I’m actually doing really well. I’m still showing up to all of it. I may not be as productive as I want, and the timing might be all over the place, but the work is getting done. I picked the worst time to do a 180 on my life, but you know what? I’m HAPPY. I’m grateful. It still feels right, even though it’s overwhelming and stressful, and that’s normal. It’s normal.
for turning my disorder into poetry
for saying that I’m a work of art
for listening to the music I posted
for your art
for your words
I had to actively keep choosing to live in 2019.
There were scary moments of suicide ideation, when I felt like I was so far away from everything I’d worked so hard to achieve, moments of ambivalence and quiet acceptance that this is it for me, it will never get better, I will never contribute to anything good again. I was able to say those things out loud. And with a supportive doctor and a loving therapist, I was given the space and tools to heal, and the colour seeped back into my life.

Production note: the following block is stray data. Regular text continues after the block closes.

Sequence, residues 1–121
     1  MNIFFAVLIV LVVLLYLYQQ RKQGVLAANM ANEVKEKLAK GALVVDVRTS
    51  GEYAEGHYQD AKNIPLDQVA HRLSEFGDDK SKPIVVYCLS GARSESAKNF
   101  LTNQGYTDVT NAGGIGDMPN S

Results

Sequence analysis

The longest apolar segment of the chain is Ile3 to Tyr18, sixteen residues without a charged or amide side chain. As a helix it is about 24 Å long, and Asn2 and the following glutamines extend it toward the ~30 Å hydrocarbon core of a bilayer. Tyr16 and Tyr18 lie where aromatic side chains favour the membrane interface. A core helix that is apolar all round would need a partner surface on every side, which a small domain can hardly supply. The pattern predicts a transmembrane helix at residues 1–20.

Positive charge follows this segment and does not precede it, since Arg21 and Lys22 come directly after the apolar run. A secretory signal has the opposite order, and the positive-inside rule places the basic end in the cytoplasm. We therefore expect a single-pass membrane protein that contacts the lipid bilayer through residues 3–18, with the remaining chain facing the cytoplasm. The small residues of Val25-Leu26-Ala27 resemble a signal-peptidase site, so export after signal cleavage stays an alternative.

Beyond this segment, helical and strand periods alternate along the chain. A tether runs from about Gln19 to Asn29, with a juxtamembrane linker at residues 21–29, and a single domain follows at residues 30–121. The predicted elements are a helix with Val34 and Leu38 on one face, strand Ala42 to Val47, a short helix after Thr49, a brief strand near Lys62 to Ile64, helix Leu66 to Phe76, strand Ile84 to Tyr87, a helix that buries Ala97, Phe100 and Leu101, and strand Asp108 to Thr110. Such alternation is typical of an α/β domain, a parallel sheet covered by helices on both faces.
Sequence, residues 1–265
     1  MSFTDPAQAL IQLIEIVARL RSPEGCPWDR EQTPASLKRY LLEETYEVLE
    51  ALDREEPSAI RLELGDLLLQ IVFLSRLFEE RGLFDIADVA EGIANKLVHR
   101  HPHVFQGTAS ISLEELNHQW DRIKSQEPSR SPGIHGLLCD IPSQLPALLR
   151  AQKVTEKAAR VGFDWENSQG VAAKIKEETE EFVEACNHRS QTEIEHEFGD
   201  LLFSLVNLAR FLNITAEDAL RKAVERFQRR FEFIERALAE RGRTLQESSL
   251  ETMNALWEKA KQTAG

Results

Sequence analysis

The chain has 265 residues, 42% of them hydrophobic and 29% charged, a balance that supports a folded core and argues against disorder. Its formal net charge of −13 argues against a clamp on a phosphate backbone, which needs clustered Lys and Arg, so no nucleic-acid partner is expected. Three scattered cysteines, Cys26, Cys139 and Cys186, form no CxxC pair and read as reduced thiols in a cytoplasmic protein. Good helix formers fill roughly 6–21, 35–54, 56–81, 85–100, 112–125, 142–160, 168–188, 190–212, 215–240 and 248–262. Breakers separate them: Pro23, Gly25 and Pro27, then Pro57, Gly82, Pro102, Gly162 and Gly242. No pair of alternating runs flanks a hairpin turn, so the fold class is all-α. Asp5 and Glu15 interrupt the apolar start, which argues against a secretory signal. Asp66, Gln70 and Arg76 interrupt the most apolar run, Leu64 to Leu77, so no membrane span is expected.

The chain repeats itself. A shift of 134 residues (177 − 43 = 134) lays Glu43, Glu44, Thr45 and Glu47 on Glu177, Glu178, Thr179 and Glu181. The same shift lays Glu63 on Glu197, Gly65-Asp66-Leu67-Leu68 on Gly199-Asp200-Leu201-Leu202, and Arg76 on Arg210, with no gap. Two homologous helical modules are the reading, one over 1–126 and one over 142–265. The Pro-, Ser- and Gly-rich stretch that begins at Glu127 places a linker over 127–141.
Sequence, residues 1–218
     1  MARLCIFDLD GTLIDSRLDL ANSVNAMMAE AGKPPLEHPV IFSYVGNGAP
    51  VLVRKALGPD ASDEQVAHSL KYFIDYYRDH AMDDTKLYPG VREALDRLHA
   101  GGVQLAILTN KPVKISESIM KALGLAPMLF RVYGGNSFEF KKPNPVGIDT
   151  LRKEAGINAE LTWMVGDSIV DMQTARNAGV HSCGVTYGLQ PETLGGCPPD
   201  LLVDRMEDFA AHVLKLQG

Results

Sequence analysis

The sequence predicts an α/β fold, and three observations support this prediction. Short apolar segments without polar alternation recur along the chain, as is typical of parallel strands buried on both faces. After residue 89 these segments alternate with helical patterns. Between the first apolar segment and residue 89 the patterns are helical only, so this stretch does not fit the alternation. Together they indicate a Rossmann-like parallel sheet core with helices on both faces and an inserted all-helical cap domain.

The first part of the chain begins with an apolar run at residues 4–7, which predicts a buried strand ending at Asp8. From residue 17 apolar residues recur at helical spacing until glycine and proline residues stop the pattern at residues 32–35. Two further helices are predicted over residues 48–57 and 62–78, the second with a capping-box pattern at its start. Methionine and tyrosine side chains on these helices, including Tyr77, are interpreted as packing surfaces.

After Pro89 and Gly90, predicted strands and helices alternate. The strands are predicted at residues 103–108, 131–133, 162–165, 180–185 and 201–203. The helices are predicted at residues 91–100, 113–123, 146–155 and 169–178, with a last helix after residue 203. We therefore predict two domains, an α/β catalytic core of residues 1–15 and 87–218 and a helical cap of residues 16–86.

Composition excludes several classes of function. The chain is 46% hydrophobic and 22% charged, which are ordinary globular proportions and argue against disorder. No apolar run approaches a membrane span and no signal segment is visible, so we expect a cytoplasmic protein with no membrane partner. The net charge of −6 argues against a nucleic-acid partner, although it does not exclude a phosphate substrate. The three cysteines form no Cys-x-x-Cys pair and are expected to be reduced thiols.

And then one day in October I was unusually tired, and the lymph nodes in my neck and collarbone were the size of small rocks. And within days, everything slid down a mountain and I was in a hospital, slick with sweat and unable to open my eyes under the glaring bright lights of the emergency room. There I was, with a fast-growing and deadly infection, with an incompetent ER doctor who prescribed antibiotics that were never going to work with a raging fever, a doctor that didn’t ask the right questions and missed huge red flags in my blood work, a doctor that didn’t listen to begin with, and provided a misdiagnosis. Screaming, unending pain in the side of my head, fevers that soaked my bedding every few hours and made me delirious and dizzy like I’d consumed a whole bottle of wine, vomiting until I felt like my insides had been wrung out to dry. Another trip to the ER, a scary diagnosis, intravenous antibiotic treatments that put stress on my heart and disrupted electrolyte levels, and antibiotics that made me vomit until I had stars in my eyes. At times I wondered if the treatments might kill me if the infection didn’t. Tests. Tests. Tests. Treatment, tests, reassessment, home. Repeat. Repeat. Repeat. The fevers subsided, and after six days of out-patient care, I was discharged to continue treatment at home, every six hours, for ten days. I was prescribed anti-nauseants given to cancer patients undergoing chemotherapy because those oral antibiotics had to stay down or I’d have to go back to the hospital. And yet, in those weird and awful moments, there was laughter, and hand squeezes, and love. There was overwhelming kindness. There were people pulling for me everywhere.